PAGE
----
Ordinary Glass | 9 |
Aluminium | 23 |
Brass | 19 |
Copper | 17 |
Iron | 12 |
Steel | 13 |
Tungsten | 4.3 |
Gold | 17 |
Quartz | 0.59 |
Areal or superficial expansion refers to the expansion in the area of an object due to the increase in temperature.
The expression for areal thermal expansion is similar to that of linear expansion.
coefficient of real expansion
Initial area
and represents change in area and temperature respectively.
Final area
Consider a case of square sheets of area A0 for simplicity. It undergoes expansion due to a rise in temperature.
L0 and L1 are the lengths of the sides of the sheet before and after the expansion takes place. The final value of the area of the sheet is A.
Therefore,
Since
Thus the coefficient of areal expansion is twice as much as linear expansion.
Volume expansion, also known as cubical expansion, is the increase in the volume of a solid due to the rise in temperature.
Similar to linear and areal expansions, the expression for volume expansion can be deduced as follows:
Thus,
Or
Or
Consider a cubical solid of side L0 initially at temperature T. The temperature of this solid has been raised by an amount ΔT. It goes under volume expansion and as a result, the length of its sides increases up to L.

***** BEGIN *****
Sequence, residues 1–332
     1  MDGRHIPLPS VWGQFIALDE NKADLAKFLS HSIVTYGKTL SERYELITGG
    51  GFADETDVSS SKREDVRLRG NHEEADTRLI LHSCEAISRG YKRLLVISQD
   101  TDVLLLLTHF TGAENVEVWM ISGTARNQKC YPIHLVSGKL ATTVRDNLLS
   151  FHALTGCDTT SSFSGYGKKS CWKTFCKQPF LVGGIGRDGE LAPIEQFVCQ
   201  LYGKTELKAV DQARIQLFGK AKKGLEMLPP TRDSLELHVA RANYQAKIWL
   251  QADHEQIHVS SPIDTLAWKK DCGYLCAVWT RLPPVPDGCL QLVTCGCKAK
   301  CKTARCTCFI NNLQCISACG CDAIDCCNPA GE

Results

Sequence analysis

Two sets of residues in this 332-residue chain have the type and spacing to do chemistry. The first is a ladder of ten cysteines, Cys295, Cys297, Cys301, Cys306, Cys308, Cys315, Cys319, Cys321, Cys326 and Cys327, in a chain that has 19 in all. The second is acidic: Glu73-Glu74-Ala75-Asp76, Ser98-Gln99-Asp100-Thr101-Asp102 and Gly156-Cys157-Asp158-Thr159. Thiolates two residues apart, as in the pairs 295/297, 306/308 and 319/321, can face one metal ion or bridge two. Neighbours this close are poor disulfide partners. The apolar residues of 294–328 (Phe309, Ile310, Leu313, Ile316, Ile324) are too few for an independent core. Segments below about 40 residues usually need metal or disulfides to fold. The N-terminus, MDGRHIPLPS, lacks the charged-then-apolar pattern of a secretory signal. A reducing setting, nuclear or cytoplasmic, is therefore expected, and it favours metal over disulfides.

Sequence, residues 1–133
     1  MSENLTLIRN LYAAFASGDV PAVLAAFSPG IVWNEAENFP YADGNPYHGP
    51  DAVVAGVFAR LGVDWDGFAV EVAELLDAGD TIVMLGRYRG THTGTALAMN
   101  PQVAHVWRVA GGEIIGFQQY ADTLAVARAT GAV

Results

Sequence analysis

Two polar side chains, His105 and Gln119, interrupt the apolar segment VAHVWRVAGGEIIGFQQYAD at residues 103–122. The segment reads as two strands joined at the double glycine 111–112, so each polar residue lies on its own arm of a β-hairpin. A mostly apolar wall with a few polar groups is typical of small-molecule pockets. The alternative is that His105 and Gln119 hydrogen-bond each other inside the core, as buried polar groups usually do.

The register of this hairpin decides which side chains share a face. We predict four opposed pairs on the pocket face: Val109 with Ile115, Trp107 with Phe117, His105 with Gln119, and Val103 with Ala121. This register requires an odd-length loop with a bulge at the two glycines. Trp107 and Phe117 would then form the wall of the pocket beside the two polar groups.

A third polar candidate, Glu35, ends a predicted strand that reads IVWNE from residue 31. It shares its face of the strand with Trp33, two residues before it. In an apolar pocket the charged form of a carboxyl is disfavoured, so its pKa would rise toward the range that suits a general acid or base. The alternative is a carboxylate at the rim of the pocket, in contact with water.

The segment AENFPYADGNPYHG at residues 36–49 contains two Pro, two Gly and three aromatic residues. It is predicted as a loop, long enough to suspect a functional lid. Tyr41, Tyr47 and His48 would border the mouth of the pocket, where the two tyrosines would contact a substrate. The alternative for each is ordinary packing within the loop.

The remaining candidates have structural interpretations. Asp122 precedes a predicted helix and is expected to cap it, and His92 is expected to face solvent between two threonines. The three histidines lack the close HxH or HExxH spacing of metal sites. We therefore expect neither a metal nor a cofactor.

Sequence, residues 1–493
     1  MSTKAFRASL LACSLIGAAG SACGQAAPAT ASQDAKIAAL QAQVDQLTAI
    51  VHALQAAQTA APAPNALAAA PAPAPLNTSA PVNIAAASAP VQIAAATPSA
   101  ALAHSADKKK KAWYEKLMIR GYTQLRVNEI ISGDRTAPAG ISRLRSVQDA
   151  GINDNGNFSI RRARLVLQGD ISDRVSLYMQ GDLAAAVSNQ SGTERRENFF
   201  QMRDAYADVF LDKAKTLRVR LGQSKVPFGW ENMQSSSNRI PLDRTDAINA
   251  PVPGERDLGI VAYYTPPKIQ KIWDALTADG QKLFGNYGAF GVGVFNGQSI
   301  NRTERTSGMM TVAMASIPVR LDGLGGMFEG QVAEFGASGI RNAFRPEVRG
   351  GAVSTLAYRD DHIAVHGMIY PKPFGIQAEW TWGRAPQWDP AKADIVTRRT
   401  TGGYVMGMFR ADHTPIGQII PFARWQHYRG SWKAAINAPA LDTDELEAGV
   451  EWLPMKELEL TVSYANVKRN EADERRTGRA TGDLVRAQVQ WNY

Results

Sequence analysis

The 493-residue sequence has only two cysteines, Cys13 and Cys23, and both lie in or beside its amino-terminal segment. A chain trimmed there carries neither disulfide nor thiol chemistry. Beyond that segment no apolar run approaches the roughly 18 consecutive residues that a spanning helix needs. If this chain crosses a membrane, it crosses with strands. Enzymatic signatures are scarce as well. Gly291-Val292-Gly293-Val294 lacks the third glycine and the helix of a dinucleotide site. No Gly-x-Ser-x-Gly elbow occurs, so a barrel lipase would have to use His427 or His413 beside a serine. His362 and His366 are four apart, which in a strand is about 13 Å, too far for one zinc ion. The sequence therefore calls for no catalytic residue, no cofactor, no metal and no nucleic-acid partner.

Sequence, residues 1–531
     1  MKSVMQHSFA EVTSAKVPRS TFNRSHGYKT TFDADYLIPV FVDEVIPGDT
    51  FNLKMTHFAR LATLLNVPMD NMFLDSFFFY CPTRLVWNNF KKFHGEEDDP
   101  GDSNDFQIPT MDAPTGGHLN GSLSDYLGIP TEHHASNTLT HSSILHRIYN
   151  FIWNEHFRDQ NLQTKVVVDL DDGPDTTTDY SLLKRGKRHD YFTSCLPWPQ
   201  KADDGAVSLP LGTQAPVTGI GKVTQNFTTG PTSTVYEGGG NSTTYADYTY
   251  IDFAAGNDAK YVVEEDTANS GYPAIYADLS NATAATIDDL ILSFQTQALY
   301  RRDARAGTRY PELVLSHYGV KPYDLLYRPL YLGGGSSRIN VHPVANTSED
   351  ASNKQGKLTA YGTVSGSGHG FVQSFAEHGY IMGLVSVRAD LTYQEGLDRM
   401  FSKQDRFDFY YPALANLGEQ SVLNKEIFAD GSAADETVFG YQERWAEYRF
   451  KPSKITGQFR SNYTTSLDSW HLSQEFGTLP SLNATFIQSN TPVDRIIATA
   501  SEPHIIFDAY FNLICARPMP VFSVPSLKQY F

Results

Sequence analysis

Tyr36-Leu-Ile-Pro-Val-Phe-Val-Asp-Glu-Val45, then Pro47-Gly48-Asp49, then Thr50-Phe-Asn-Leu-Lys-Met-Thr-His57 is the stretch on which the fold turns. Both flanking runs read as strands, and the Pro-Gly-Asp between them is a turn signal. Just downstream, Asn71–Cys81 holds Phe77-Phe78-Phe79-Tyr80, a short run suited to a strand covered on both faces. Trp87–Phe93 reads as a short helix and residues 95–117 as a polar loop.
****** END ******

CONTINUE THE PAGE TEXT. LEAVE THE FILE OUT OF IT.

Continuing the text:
From the expression of linear expansion, we can write it as:
Using binomial expansion as ,
Thus the coefficient of volume expansion is thrice as much as linear expansion.
It can be concluded that for solids,
Consider a body being heated by an external source. The temperature of the body rises by an amount ΔT. Consequently, the volume of the body also increases according to the volume expansion. Since the mass of the body remains unchanged, the density of the body decreases.
Density before heating,
Density after heating,
Therefore,
For solids, value of is generally small.
Using binomial expansion,
Consider a solid container filled with a liquid upto height h such that the excess volume can be drained into a small beaker as shown in the figure. Let the coefficient of volume expansion of the solid container and liquid be 𝛾C and𝛾L, respectively. The container is provided with heat from an external source, causing the temperature of both the container and liquid to rise by an amount ΔT.
Initially,
Volume of the container (VC) = Volume of the liquid (VL)
Volumes after heating,
Therefore the overflow volume of the liquid relative to the container is as follows:
is known as the apparent coefficient of volume expansion and this phenomena is known as the apparent expansion of liquid.
Expansion of cavity
Since thermal expansion leads to the enlargement of the dimensions of an object, it does the same for the cavities. Thus if there is a cavity in a body or a hole in a lamina, the volume of the cavity or the area of the hole will increase with thermal expansion. Also the size and shape of the cavity(or hole) does not have any effect on the expansion of the body or plate.
For example: two spheres of same material, radius and at equal temperature, if heated to same temperature, will be having same outer radius